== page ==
Live updates on all the latest developments in the battle to retake the city of Mosul in Northern Iraq from ISIS.Read More
[Live Updates] - Turkish military units have crossed into Turkey in support of rebel fighters in an attempt to create a safe zone along the country’s border in northern Syria.Read More
A coup was launched last night against the Turkish Government, which appears to have failed, and left hundreds dead.Read More
An in-depth look at the domestic and foreign policy outcomes from Turkey's continuing arrests of Kurdish politicians.Read More
Bombings and violence ramp up in Istanbul from Kurdish militants and terrorists, refugees are flowing over Turkey's borders, and President Erdogan is cracking down hard on dissent. A look into the different issues the country now faces.Read More
Timeline of live updates from the Ankara Bombing.Read More
The Syrian regime managed a highly strategic advance over the last few days around north Aleppo, cutting off rebels from key supply lines.Read More
A Kurdish peace rally was devastated by a suicide bombing in Istanbul.Read More
Since the shootdown of a Russian Su-24 by the Turkish Air Force on the 24th of November, Russia has escalated its bombing campaign in Syria against rebel groups in the north of Syria, including ones the US calls ‘moderate forces’. Some of these groups have the backing of the US & Turkey and have been actively fighting against both the Assad regime and ISIS for some time. Following Russia’s intervention in the war, the number of deadly airstrikes have increased targeting both rebels and also truck convoys moving across the border from Turkey into Syria which allegedly carried aid. Russia has as stepped up its attacks in areas close to the Turkish border that are home to a large number of Turkmen, seen by Turkey as their ethnic brethren.
As well as bombing, Russia has committed heavier and more sophisticated hardware to the region, including the S-400 anti aircraft system. Although there was some evidence that suggested that the S-400 was in the country already, Russia only revealed the system after the shootdown of the Russian jet. Furthermore, Russia has also started arming some of their fighter/bomber aircraft with air to air missiles for ‘defence’ and has deployed the guided missile cruiser ‘Moskva’ to the region, in order to provide additional anti-aircraft protection.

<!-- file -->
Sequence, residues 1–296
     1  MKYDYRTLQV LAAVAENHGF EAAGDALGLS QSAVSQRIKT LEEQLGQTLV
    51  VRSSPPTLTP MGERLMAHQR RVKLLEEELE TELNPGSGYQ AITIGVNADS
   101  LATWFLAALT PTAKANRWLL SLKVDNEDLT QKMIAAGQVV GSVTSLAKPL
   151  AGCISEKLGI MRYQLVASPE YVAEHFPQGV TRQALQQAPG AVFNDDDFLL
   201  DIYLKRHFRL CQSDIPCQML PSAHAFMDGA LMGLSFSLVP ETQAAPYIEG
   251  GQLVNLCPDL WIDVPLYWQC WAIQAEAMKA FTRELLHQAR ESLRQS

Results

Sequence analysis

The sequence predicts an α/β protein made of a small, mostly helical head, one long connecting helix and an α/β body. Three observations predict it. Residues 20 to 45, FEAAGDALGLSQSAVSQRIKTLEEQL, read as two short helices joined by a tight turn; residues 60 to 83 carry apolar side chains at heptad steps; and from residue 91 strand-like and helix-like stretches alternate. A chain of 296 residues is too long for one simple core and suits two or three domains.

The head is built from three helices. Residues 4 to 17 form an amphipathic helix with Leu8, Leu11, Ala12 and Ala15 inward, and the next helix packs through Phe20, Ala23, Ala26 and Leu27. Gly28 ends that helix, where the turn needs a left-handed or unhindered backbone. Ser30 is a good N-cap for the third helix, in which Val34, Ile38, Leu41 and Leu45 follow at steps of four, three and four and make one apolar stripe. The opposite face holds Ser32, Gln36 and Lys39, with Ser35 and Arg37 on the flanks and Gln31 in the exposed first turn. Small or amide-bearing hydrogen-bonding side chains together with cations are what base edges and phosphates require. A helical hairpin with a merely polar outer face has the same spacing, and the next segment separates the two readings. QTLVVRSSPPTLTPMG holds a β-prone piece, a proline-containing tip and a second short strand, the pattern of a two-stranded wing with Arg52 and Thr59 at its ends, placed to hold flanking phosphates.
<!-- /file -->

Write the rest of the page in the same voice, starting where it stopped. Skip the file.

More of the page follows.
Aside from these direct military deployments, Russia has been hitting back at Turkey in other ways, such as arresting Turkish businessmen, banning Russian football clubs from signing Turkish players and seizing Turkish cargo ships. The Russian government has even gone so far as to pursue economic sanctions against Turkey, and discouraging Russian tourists from visiting.
While Turkey has a very controversial relationship with the Syrian conflict through its support and alleged military aid for various Islamist rebel factions, over the past few months it has talked about establishing what it calls a ‘safe zone’ in Northern Syria. Turkish President Erdogan has many times threatened to create such a zone, however has remained rather vague about how it could be established. The zone itself would stretch over much of the north of Aleppo Governorate in Syria, in a roughly 45km strip between the Euphrates River and the YPG/SDF controlled Afrin Canton. Many have suggested part of Turkey’s reason for establishing the zone is to prevent a contiguous Kurdish controlled territory across all of Northern Syria.
Originally it was thought that this would be established through a deployment of Turkish ground forces, however this failed to transpire. Then, rhetoric from Turkey suggested that its proxy militias would establish the zone themselves in areas captured for ISIS with air support from Turkish and Coalition jets. This too has yet to see any real success.
Following the shoot-down of a Russian jet by Turkish forces, and Russian bombing of Turkey rebels along the border area, Erdogan has once again revived rhetoric of establishing this safe zone as a way to protect ethnic Turkmen rebels.